Despite significant recent media coverage, questions remain regarding how regulators will treat cryptocurrencies. In light of these questions, it’s critical for business leaders and investors to understand how U.S. regulators are approaching the rapid proliferation of cryptocurrencies.
Substantial price volatility, coupled with huge sums of investor money flowing into cryptocurrencies, have led regulators to issue guidance on how they view cryptocurrencies. The Internal Revenue Service (IRS), Securities and Exchange Commission (SEC), Commodity Futures Trading Commission (CFTC), Financial Crimes Enforcement Network (FinCEN), Financial Industry Regulatory Authority (FINRA), and the Treasury Department are focusing on understanding how cryptocurrencies should be treated under existing laws and regulations, including those relating to protecting investors and preventing illicit activities such as “pump and dump schemes,” misuse of funds, and money laundering.
Classification of Cryptocurrencies
Traditionally, regulators classified an asset as either a security or a commodity. Regulators are concluding, however, that cryptocurrencies may be considered a separate “asset class” having the characteristics of both. In a hearing on February 6, 2018, regarding cryptocurrencies and the oversight role of the SEC and CFTC, the U.S. Senate Committee on Banking, Housing, and Urban Affairs suggested that both agencies may properly regulate cryptocurrencies. The CFTC had previously declared cryptocurrencies to be a “commodity” subject to oversight under its authority under the Commodity Exchange Act. In July 2017, the SEC issued a report determining that a cryptocurrency “token” offered by a “virtual” organization was a security under existing securities law,and that the offer and sale of the tokens was subject to federal securities law.
Raising Capital via Initial Coin Offerings
Cryptocurrency promoters use Initial Coin Offerings (ICOs) to raise capital by issuing cryptocurrency tokens or “coins.” Unlike a traditional initial public offering, the owner of a token or coin is typically not entitled to any equity or ownership interest in the offering company. Certain tokens or coins (referred to as “utility tokens”) provide the holder some benefit or right in future products or services. Often the tokens or coins can be, or at some point will be, traded on an exchange or platform.
It is clear that the SEC will seek to enforce existing securities law, with respect to ICOs and otherwise, where a cryptocurrency satisfies the traditional definition of a security. In late 2017, for example, the SEC issued a cease-and-desist order against Munchee Inc., a company issuing tokens without complying with existing securities laws. Munchee referred to its cryptocurrency as utility tokens that were to be used within its ecosystem. The SEC concluded, however, that the utility tokens, which were expected to increase in value based on Munchee’s business and efforts, and would be tradable in secondary markets, were in fact securities. In January 2018, the SEC issued a warning to cryptocurrency investors, noting that many promoters of ICOs and other cryptocurrency investments were not complying with federal and state securities laws.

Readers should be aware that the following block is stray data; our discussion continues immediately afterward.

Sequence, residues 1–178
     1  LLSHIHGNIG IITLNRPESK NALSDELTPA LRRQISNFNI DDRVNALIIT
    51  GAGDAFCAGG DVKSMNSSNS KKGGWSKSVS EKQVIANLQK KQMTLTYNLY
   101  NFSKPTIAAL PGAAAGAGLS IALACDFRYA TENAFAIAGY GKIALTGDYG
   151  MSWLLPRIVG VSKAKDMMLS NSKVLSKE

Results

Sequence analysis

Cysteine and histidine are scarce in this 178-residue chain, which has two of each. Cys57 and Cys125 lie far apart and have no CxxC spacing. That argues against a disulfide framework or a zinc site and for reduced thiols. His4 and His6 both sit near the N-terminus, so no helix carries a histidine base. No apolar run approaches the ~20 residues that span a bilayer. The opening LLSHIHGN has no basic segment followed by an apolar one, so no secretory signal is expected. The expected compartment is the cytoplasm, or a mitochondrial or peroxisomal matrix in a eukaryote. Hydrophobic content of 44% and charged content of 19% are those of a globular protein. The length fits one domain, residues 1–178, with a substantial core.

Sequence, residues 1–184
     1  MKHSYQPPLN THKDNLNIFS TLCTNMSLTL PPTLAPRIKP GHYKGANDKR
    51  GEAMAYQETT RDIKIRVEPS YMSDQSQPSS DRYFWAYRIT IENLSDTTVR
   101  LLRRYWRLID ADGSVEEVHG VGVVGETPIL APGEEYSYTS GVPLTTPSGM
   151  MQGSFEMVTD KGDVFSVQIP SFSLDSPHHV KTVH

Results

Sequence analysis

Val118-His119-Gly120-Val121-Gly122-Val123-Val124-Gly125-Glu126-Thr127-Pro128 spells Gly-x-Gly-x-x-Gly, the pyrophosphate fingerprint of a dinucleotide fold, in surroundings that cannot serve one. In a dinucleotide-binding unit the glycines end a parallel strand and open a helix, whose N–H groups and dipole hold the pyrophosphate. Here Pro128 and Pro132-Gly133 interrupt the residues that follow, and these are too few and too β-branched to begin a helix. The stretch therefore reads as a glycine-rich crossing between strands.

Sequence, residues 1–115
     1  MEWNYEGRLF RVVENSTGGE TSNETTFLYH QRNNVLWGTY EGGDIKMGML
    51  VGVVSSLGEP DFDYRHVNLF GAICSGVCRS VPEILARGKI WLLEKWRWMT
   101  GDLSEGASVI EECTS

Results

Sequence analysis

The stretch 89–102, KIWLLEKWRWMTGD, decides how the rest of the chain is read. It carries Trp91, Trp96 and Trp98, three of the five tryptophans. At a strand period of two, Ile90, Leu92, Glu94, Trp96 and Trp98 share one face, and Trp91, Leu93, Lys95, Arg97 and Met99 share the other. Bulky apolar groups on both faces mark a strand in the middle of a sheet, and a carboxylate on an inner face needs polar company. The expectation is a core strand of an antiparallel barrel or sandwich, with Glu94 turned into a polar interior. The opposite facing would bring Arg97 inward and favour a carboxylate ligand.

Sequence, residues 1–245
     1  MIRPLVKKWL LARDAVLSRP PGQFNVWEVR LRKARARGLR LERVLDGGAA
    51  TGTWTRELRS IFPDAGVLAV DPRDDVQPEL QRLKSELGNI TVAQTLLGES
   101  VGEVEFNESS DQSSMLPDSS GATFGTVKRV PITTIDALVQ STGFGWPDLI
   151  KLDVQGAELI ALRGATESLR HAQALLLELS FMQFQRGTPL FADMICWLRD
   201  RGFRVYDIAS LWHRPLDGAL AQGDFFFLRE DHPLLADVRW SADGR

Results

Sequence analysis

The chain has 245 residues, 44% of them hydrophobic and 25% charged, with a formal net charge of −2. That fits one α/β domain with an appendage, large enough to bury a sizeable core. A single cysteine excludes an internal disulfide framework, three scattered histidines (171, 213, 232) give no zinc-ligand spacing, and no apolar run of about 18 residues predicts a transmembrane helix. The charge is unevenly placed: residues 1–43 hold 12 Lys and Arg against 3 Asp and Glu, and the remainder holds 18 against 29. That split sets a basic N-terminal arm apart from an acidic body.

The SEC has also stated that online trading platforms or exchanges for cryptocurrencies must be registered with the SEC (or otherwise satisfy an exemption from registration) and follow the same laws as other regulated marketplaces.
Due to these pronouncements, participants in an ICO should verify that the offering, and the offering company, are in compliance with existing securities laws, which may include limiting the ICO to accredited investors or other sophisticated investor classes, compliance with Know Your Customer (KYC) and Anti-Money Laundering (AML) regulations, and satisfying certain SEC and other regulatory authority filing requirements.
In 2014, the IRS declared that it would treat cryptocurrencies as property (and not currency) for federal tax purposes, meaning that general tax principles applicable to property transactions apply to cryptocurrencies. As a result, each trade of a cryptocurrency is a taxable event which could generate gain or loss to be reported to the IRS. Some tax attorneys and practitioners have raised concerns that this view is not practical in light of the transactional nature of cryptocurrency, since each time an individual “spends” its cryptocurrency coins, it is treated as a taxable event. Indeed, early data indicates that cryptocurrency investors are not properly reporting and paying their taxes. Recently, the IRS successfully sued Coinbase, a leading cryptocurrency exchange, for access to customer records after only 802 people reported gains or losses from bitcoin in 2015.
Other countries are taking different approaches to regulating cryptocurrencies, which only adds to the existing complexity and uncertainty. Japan recently enacted its Virtual Currency Act, making it one of the first countries to allow cryptocurrencies to be used as a legal form of payment. In contrast, China recently banned cryptocurrency exchanges and is now blocking access to websites of all domestic and foreign cryptocurrency exchanges and ICOs. Some U.S. states are exploring their own cryptocurrency regulations. Arizona’s State Senate, for example, recently passed a bill to accept cryptocurrencies for income tax payments, and Vermont proposed a light tax on each cryptocurrency transaction. These, however, are all recent developments. As the technology proliferates and mainstream adoption progresses, it remains to be seen how U.S. and foreign governments will ultimately recognize and regulate cryptocurrencies.